(Nov. 16, 2012) National Survivors of Suicide Day has been set aside by Congress as a day of healing for those who have lost someone to suicide. It was created in 1999 through the efforts of Sen. Harry Reid of Nevada, who lost his father to suicide.
Approximately 29,000 lives per year are lost to suicide in this country. Of these, 5,000 are estimated to be individuals suffering from schizophrenia or bipolar disorder (“Suicide: One of the consequences of failing to treat individuals with severe psychiatric disorders - backgrounder,” March 2011). By some estimates, psychosis is present in approximately 1 in 5 completed suicides.
- Estimates of the completed suicide rate for individuals with schizophrenia range from 10-13%.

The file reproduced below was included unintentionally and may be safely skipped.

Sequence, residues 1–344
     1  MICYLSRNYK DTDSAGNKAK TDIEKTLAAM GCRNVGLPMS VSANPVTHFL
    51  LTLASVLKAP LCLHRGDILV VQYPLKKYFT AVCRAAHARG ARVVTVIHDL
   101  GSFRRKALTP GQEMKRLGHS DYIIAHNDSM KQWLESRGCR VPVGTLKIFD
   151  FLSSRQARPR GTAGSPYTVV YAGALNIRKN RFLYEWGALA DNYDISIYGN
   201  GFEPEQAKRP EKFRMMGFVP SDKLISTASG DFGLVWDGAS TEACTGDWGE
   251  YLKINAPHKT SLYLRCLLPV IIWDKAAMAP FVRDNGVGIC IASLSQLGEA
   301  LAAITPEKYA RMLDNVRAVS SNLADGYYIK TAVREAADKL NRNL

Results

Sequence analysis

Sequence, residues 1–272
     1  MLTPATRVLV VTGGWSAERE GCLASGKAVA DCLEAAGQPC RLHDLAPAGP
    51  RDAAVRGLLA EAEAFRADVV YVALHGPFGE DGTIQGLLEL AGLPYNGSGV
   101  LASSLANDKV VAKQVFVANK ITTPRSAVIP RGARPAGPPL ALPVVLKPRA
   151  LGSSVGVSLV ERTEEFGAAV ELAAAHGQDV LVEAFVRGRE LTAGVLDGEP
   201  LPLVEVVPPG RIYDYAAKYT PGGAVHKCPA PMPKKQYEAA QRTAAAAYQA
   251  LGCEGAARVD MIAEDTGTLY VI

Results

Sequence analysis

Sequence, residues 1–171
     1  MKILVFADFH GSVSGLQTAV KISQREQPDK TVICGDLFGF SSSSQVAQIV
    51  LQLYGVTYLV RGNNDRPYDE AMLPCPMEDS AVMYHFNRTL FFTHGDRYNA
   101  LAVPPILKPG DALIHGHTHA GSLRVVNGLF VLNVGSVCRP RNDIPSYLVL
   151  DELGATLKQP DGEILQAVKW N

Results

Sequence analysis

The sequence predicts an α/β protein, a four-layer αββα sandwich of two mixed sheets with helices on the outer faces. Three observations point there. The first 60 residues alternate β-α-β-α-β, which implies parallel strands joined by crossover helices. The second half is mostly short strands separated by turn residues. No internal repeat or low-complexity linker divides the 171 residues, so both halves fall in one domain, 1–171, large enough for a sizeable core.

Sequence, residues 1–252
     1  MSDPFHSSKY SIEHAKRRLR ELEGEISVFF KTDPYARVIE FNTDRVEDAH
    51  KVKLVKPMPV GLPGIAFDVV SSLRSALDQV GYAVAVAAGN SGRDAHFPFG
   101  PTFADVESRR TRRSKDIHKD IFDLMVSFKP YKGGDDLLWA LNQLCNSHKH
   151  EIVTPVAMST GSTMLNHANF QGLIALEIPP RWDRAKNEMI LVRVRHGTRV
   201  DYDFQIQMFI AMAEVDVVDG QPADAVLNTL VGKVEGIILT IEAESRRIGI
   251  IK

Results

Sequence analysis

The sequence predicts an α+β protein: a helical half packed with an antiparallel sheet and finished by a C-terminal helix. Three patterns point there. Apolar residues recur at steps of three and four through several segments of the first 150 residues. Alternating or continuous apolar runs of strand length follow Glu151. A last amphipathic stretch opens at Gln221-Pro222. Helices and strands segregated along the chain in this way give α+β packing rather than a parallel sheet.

- Estimates of the completed suicide rate for individuals with bipolar is about 15%.
Studies indicate the rate of suicide today is at least four times higher than it was in the first half of the 20th century, before deinstitutionalization began. Multiple European studies have reported that failure to adequately treat serious mental illness increases the risk of suicide.
The Treatment Advocacy Center extends its sympathy to all those who have lost loved ones to suicide. It is for them and those who may yet be spared that we continue our efforts to make treatment possible for more individuals living with untreated severe mental illness and its potentially deadly consequences.